• Vegetable kothu parotta
  • Curd 


South Indian Pregnancy Diet Chart Pdf

A south Indian pregnancy food diet plan based on these eating habits ensures the correct nutrients for both the expectant mother and the baby growing inside of her. Certain common foods tend to predominate, and you mostly find them included in a south Indian diet chart after delivery. However, these food dishes are rich in nutrients that are much needed by pregnant women, irrespective of the time of pregnancy that they may be in. Click the link for a South Indian Pregnancy Diet Chart Pdf, a  diet chart that is inclusive of south Indian pregnancy food. 

Top 5 nutritional recipes of south India for pregnant women

Real, regional food often adheres to the principles of a balanced diet and provides the body with all the nutrients it requires. South Indian pregnancy food dishes are not only scrumptious but also crucial for increasing gut flora, boosting immunity, and supplying healthy supplies of vitamins and minerals. 

At any stage of life, the importance of nutrient-dense food cannot be emphasized, but it is especially important for pregnant women and nursing moms.

Here’s our pick of the top 5 nutritional recipes of south India for pregnant women: 

  • Adai dosa


  • Dosa rice or Idli rice 2 cups 
  • Urad dal 1/4 th cup 
  • Arhar dal 1/4 th cup 
  • Bengal gram 1/4 th cup 
  • Green gram 1/4 th cup 
  • Kidney beans 3 tbsp 
  • Chickpeas 3 tbsp 
  • Fenugreek seeds 1 tsp 
  • Red chilli dry 3 no.s 
  • A Pinch of asafoetida 
  • Oil half tsp 
  • Salt to taste 


Except red chilli, salt, oil and asafoetida, wash and soak all the ingredients for 6 hours at least. Once they are soaked, drain out the excess water. Add red chilli, salt, asafoetida, and all the soaked ingredients to the mixer and grind until the right dosa batter consistency is achieved. Add a little water if required. Let the batter ferment by keeping it aside for 6-7 or overnight. 

Once the batter is fermented, heat a non-stick pan and add a few drops of oil. Pour a ladle full of dosa batter and spread it in circular motions to make a dosa. Once this side is cooked, turn over the dosa and cook the other side till both sides are crispy. Repeat the same process to make more dosa and serve them hot with coconut chutney and sambar.

  • Ragi idli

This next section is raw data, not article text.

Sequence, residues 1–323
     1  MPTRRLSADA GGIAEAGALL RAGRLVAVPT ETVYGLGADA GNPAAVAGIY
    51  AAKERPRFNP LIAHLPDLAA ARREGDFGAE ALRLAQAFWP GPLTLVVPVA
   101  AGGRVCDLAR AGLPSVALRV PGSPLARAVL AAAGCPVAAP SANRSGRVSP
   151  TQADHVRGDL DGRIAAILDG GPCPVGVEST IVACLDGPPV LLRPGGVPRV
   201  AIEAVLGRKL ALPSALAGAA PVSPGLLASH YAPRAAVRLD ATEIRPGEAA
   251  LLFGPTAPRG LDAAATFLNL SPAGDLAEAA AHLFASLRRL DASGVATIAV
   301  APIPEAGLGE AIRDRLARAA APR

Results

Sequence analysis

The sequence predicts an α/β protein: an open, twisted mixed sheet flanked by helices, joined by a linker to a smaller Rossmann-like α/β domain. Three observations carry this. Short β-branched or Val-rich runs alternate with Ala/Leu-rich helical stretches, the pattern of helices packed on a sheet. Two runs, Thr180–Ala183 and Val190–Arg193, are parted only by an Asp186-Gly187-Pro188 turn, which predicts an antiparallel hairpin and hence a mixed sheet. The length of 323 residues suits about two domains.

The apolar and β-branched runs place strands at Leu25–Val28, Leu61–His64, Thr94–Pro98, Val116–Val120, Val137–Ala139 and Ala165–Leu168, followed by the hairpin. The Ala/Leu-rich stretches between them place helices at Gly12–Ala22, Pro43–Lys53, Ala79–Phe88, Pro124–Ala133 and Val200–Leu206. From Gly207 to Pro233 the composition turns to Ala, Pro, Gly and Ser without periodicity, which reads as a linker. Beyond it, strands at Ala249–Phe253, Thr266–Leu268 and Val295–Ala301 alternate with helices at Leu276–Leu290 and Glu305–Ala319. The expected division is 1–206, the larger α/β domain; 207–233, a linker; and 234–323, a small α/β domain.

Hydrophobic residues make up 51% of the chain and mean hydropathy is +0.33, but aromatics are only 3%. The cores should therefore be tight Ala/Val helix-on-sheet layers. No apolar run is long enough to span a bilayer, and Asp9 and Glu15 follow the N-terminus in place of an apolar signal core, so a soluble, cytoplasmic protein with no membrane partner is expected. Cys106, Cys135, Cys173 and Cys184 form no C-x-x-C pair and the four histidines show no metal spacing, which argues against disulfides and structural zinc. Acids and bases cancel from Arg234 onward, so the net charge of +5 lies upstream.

• Finger Millet (Ragi) 1 Cup
  • Semolina (Suji / Rawa), 1 Cup, Dry Roasted And Cooled
  • Curd (Dahi), 1 Cup, Sour
  • Water, 1 Cup, Add As Required
  • Baking Soda, A Pinch
  • Oil Half Tsp
  • Salt To Taste


Mix the ragi, semolina, salt, and curd in a large dish. To achieve a smooth idli batter consistency, add water as needed. For 30 minutes, cover and set aside. 

If the batter appears to have thickened after 30 minutes, add a little water to thin it out again. After that, heat the water in the pressure cooker or idli steamer. Idli moulds should be lightly greased and kept available. Pour the batter right away into the idli moulds after adding the baking soda and thoroughly combining the batter.

Moulds should be stacked one on top of the other. Place the idli moulds inside the steamer or cooker once the water begins to boil, then secure the lid. Be careful not to use a weight whistle on a pressure cooker if using one.

Over a medium flame, steam for about 10-15 minutes. Remove from the flame and give it 10 minutes to cool.

Using the back of a spoon, carefully remove the idlis from the moulds. Serve hot with tomato or coconut chutney and sambhar.

  • Sprouts Uttapam


  • Mixed sprouts 1 cup
  • Semolina (suji/rawa) 2 cups 
  • Carrot Half cup (gajar), grated
  • Green chillies one-fourth cup deseeded and finely chopped
  • Oil for cooking
  • Salt to taste


The sprouts should be washed before being steamed or pressure cooked. Remove any extra water, then combine the cooked sprouts with the grated carrot, salt, and green chillies. Set apart.

To prepare a batter like dosas, combine semolina, salt, and water in a bowl and stir thoroughly. Set aside. Pour a  tablespoon of the batter onto a non-stick tava and spread it out in a circular motion. Take a  spoonful of the sprouts mixture and sprinkle over utthapam, and cook. If necessary, add two drops of oil to the uttapam’s sides to keep it from sticking.